The dismantling this week of the SilkRoad 2.0 Web site for anonymously buying and selling alleged illegal drugs and other unlawful goods and services and the arrest by the FBI of  in San Francisco of the alleged owner gives some hope that the reign of cyber criminals on the Web is at least about to be checked.

“Those looking to follow in the footsteps of alleged cybercriminals should understand that we will return as many times as necessary to shut down noxious online criminal bazaars. We don’t get tired.,” Manhattan U.S. Attorney Preet Bharara  said in a statement after the arrest of Blake Benthall.

He was charged Thursday with one count of conspiring to commit narcotics trafficking, which carries a maximum sentence of life in prison and a mandatory minimum sentence of 10 years in prison; one count of conspiring to commit computer hacking, which carries a maximum sentence of five years in prison; one count of conspiring to traffic in fraudulent identification documents, which carries a maximum sentence of 15 years in prison; and one count of money laundering conspiracy, which carries a maximum sentence of 20 years in prison

Silk Road 2.0 was the successor to Silk Road, a site on the Tor network seized by law enforcement last year. The allegation is Silk Road 2.0 was a nearly identical criminal business.

While products offered were “overwhelmingly” drugs, the FBI said it also openly advertised for sale were fraudulent identification documents and computer-hacking tools and services.

According to the BBC, 400 other sites believed to be selling illegal items were also shut down at the same time by in a joint operation between 16 European countries and the U.S. Six Britons were arrested.

However, a Canadian security expert doubts the police action will do much to deter hacking groups going after corporate data. “This arrest has to do with those using technology in the drug trade,” James Arlen, Hamilton, Ont., based director of risk and advisory services with Leviathan Security Group, said in an email. “If anything, they are more likely to be bot herders rather than corporate spear phishers.”

The FBI alleged that “following a very close business model to the first, as alleged, Blake Benthall ran a website on the Tor network facilitating supposedly anonymous deals of drugs and illegal services generating millions of dollars in monthly sales,” FBI Assistant Director-in-Charge George Venizelos said in a statement. “Benthall should have known that those who hide behind the keyboard will ultimately be found. The FBI worked with law enforcement partners here and abroad on this case and will continue to investigate and bring to prosecution those who seek to run similar black markets online.”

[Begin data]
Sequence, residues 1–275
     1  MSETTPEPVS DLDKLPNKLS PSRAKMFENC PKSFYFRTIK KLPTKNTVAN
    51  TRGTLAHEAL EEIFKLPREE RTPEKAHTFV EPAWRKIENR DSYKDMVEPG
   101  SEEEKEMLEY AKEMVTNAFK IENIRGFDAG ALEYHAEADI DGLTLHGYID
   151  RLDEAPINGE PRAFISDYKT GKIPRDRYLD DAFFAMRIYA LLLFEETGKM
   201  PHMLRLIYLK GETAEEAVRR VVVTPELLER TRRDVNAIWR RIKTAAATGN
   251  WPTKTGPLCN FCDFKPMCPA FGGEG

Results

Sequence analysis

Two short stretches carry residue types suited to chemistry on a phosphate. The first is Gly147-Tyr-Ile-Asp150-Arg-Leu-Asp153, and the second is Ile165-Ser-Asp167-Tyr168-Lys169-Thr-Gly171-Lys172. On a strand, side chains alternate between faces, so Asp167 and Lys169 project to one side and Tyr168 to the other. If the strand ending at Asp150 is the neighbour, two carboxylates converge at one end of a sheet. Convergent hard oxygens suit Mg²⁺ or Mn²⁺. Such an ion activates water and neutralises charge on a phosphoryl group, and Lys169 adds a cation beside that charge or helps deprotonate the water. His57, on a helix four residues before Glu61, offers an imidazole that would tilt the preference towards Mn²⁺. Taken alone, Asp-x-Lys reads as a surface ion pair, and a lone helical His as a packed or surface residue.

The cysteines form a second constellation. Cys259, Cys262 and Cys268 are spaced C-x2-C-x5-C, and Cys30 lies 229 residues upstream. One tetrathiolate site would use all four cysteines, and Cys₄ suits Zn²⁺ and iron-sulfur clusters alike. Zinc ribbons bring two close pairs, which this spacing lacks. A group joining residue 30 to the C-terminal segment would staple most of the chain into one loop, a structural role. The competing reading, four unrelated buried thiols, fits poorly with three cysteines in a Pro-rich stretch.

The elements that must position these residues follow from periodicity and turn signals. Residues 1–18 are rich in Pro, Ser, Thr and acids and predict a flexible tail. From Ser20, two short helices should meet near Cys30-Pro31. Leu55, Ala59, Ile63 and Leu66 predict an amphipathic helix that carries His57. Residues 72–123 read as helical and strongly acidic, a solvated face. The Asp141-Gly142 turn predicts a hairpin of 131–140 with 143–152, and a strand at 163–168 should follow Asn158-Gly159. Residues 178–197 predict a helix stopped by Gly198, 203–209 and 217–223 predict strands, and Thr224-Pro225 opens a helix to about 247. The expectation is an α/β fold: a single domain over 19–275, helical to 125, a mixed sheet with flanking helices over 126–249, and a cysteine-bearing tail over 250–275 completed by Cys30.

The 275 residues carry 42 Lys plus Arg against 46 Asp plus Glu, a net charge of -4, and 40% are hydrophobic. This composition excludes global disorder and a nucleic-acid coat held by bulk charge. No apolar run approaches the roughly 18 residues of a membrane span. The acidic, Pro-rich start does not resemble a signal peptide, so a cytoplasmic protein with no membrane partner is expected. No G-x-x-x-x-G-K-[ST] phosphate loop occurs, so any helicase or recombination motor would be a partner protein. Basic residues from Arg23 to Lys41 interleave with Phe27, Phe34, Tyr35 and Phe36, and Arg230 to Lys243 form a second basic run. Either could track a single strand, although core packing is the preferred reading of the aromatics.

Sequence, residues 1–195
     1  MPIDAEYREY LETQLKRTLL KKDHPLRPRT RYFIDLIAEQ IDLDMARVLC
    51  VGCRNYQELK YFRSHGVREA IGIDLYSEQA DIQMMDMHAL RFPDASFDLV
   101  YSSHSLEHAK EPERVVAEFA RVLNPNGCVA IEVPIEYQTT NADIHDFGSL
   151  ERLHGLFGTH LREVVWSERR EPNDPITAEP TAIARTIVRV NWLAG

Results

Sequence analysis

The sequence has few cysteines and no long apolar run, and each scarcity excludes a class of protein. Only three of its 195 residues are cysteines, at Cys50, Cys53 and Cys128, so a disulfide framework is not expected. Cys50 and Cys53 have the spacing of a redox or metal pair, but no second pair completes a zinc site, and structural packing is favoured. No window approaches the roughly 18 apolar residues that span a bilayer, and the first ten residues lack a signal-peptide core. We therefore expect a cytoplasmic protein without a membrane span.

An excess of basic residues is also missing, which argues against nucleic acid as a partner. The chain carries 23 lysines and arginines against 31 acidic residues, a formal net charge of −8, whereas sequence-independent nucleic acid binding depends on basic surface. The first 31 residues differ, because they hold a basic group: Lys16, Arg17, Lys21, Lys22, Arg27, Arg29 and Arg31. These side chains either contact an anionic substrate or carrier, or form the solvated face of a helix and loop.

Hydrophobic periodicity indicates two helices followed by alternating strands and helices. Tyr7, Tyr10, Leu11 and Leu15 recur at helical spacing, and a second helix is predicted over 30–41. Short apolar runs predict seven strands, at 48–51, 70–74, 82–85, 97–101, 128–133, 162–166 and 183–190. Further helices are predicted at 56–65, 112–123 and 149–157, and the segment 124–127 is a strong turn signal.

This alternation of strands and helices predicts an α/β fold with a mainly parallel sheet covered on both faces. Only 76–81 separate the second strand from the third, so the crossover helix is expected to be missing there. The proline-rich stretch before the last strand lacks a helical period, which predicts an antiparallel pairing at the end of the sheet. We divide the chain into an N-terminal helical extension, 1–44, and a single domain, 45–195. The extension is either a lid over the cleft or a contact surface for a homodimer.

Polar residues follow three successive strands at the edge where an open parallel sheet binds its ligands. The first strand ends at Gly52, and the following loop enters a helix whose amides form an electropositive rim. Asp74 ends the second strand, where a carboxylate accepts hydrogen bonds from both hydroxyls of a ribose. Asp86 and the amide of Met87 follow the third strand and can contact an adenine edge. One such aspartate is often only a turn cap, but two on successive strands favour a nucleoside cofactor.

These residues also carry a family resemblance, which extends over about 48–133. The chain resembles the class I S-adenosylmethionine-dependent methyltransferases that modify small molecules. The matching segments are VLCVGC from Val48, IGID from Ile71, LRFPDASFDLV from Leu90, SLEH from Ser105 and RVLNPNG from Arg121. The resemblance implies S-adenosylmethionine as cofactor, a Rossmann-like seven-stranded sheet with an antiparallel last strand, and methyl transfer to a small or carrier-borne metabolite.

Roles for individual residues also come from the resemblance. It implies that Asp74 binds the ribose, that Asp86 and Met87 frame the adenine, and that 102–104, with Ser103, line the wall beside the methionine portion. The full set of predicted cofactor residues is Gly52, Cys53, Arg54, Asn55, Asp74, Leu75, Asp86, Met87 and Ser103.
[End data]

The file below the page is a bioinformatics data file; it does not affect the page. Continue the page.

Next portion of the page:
ArsTechnica has a piece on how police penetrated the operation, saying an undercover agent from Homeland Security managed to work his way into having trusted access. Security blogger Brian Krebbs has more here.

Silk Road and Silk Road 2.0 operated on the Tor network, which security experts call the dark Web or the dark ‘net, a network of sites where all manners of illegal goods and porn are bought and sold, including stolen personal identification and credit card data lifted in data breaches. To access it users need the Tor browser, which anonymizes where the user has come from by disguising their IP addresses. On the other hand the Tor network is also used by legitimate whistle-blowers and political activists.

Arlen isn’t willing to say law enforcement has made big inroads with the arrest and shut down of Silk Road 2.0. However, he acknowledged in an email that “they are starting to have their first successes at understanding how technologies are being utilized by “the bad guys.”

“When you consider the various uses of technology used to support criminal activity, especially in the context of the FBI’s director being frustrated with technology companies supporting advanced cryptography and privacy without a convenient law-enforcement back-door, you can see that the “inroads” described in the case of Silk Road 2.0 capture aren’t all that significant,” he wrote.
“The real upside to the work they have done (beyond catching a few bad guys) remains firmly rooted in the traditions of good detective work – this capture did not depend on eroding the privacy rights of individuals and corporations.”